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Welder/pipefitter electrocuted in South Carolina, July 20, 1988.
Morgantown, WV: U.S. Department of Health and Human Services, Public Health Service, Centers for Disease Control, National Institute for Occupational Safety and Health, FACE 88-31, 1988 Nov; :1-5
The case of a 26 year old male welder/pipefitter who died when he contacted an energized electrical conductor and fell to a concrete floor 29 feet below was examined. The employee worked for a pipefitting and steel erection company with 15 employees. He had received training at a local technical school and on the job. The company had no formal safety program. He was a member of a crew whose job it was to assemble and install a large steel storage rack in a carpet warehouse. An electrician was removing light fixtures 2 feet above the storage rack at the time of the accident. The power to the light fixtures was disconnected, but the power for the night lights had been left on for the operation. All the fixtures were removed, including those on the nightlight circuit. The final fixture could not be reached from the rack. The electrician decided to wait to remove this one until the space below was cleared and a hydraulic manlift could be used. He left the room while his assistant (the victim) was to gather the tools. When he returned the assistant had almost completed the job on the remaining fixture and would not stop working on it when told to do so by the electrician. He cut the energized 110 volt power lead for the light with a pair of uninsulated metal wire cutters, was electrocuted, and fell 29 feet to the floor. Had the employee received adequate training he would not have made this error. Had the second circuit also been deenergized, the accident would not have occurred. Appropriately insulated tools should have been used.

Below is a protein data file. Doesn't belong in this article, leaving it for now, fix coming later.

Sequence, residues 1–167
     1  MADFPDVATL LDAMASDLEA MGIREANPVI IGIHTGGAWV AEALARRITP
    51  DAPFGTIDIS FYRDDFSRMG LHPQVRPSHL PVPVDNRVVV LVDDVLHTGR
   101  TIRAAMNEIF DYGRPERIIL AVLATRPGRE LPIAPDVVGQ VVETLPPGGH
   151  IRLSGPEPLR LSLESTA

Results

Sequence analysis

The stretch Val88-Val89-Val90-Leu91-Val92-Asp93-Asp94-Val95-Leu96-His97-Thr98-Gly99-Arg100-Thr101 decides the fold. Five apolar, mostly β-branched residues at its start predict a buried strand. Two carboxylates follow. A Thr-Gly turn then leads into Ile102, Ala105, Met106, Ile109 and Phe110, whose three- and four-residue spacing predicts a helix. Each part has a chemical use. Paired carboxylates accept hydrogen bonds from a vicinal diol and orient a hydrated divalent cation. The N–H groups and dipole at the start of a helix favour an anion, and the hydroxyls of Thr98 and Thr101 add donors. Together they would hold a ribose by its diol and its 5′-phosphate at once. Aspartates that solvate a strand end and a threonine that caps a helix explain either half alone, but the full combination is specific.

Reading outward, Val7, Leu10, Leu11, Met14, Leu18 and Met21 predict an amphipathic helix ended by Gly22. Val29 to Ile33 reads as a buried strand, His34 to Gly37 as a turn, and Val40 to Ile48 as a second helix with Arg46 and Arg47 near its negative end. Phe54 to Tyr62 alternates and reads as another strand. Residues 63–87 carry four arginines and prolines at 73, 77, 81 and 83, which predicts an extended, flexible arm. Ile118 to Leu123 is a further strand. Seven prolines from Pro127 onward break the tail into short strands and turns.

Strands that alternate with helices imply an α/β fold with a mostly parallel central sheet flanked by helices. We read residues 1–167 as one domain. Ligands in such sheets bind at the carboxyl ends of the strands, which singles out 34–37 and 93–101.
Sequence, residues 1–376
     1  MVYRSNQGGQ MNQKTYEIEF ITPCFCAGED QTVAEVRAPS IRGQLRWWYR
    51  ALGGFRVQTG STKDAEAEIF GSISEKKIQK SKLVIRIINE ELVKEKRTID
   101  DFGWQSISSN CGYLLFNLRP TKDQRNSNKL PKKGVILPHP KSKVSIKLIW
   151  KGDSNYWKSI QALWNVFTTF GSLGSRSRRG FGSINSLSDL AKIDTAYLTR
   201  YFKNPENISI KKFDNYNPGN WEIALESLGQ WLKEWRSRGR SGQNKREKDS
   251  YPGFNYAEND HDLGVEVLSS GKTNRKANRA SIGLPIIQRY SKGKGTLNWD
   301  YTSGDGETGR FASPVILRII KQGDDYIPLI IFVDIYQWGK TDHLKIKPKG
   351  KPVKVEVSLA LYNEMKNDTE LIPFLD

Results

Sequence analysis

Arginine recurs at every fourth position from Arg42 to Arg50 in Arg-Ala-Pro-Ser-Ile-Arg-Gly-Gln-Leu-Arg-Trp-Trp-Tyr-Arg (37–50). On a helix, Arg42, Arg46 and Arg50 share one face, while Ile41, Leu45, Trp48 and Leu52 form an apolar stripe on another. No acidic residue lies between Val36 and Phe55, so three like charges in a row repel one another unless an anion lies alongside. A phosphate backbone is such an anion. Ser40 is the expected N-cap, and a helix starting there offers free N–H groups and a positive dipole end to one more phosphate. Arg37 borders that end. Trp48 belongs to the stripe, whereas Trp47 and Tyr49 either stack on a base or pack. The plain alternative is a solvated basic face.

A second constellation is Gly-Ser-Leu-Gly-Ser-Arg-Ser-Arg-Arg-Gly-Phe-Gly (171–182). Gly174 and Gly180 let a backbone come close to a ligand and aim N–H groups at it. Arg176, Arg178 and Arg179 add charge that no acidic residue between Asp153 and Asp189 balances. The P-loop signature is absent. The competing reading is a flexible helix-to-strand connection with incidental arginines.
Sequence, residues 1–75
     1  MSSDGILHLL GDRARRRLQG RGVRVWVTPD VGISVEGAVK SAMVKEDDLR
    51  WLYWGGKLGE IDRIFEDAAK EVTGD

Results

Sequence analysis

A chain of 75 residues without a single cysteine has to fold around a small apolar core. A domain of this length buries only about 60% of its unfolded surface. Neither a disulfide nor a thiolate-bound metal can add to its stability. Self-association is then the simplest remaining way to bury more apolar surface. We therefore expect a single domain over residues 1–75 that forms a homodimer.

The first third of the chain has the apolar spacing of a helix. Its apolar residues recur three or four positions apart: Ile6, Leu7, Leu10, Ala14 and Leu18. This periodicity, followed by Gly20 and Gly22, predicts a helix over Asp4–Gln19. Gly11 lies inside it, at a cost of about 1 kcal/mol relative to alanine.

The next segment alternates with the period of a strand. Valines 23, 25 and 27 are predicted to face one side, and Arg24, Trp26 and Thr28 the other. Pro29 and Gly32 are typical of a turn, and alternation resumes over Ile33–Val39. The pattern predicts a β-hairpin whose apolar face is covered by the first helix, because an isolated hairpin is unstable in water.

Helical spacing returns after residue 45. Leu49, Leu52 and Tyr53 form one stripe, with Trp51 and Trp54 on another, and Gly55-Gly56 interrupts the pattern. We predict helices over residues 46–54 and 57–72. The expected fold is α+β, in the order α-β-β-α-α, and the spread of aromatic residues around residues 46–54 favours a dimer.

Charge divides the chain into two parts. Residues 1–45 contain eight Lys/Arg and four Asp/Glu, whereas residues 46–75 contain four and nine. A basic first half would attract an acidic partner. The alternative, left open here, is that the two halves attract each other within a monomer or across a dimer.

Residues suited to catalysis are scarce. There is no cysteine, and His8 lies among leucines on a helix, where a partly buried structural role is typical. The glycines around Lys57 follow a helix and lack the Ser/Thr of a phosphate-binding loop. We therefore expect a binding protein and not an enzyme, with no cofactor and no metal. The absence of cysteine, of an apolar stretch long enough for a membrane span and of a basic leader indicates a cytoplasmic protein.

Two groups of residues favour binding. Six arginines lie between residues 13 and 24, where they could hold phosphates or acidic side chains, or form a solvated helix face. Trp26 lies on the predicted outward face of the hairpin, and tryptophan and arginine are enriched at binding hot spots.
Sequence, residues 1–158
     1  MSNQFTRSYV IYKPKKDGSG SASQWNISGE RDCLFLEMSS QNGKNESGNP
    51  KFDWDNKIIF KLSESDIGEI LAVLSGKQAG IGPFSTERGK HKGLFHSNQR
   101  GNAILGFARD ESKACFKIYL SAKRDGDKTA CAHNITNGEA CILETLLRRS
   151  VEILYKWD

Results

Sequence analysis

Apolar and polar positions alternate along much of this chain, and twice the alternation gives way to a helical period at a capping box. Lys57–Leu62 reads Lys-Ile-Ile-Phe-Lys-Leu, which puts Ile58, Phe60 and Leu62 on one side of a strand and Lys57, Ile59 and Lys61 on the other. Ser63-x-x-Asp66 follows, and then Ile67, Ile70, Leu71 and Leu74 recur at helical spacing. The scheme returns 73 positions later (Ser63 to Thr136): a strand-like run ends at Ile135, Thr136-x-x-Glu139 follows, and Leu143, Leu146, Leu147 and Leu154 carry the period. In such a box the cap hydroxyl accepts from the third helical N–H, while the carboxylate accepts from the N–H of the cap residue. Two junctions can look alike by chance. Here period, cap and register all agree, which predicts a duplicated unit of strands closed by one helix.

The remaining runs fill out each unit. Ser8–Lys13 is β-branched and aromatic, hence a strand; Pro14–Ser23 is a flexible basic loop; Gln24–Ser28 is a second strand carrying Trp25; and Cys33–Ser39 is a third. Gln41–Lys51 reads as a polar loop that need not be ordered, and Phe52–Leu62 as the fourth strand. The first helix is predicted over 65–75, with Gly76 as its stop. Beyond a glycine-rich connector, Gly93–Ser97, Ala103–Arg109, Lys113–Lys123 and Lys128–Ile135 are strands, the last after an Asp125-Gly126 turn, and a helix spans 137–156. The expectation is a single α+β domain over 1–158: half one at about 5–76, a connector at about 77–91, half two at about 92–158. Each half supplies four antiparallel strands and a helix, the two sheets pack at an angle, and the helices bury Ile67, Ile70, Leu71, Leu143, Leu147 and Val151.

NIOSH-Author; FACE-88-31; Region-4; Accident-analysis; Safety-research; Work-practices; Electrical-shock; Welders; Electric-power-transmission-lines; Construction-Search
Field Studies; Fatality Assessment and Control Evaluation
NTIS Accession No.
National Institute for Occupational Safety and Health
Page last reviewed: September 2, 2020
Content source: National Institute for Occupational Safety and Health Education and Information Division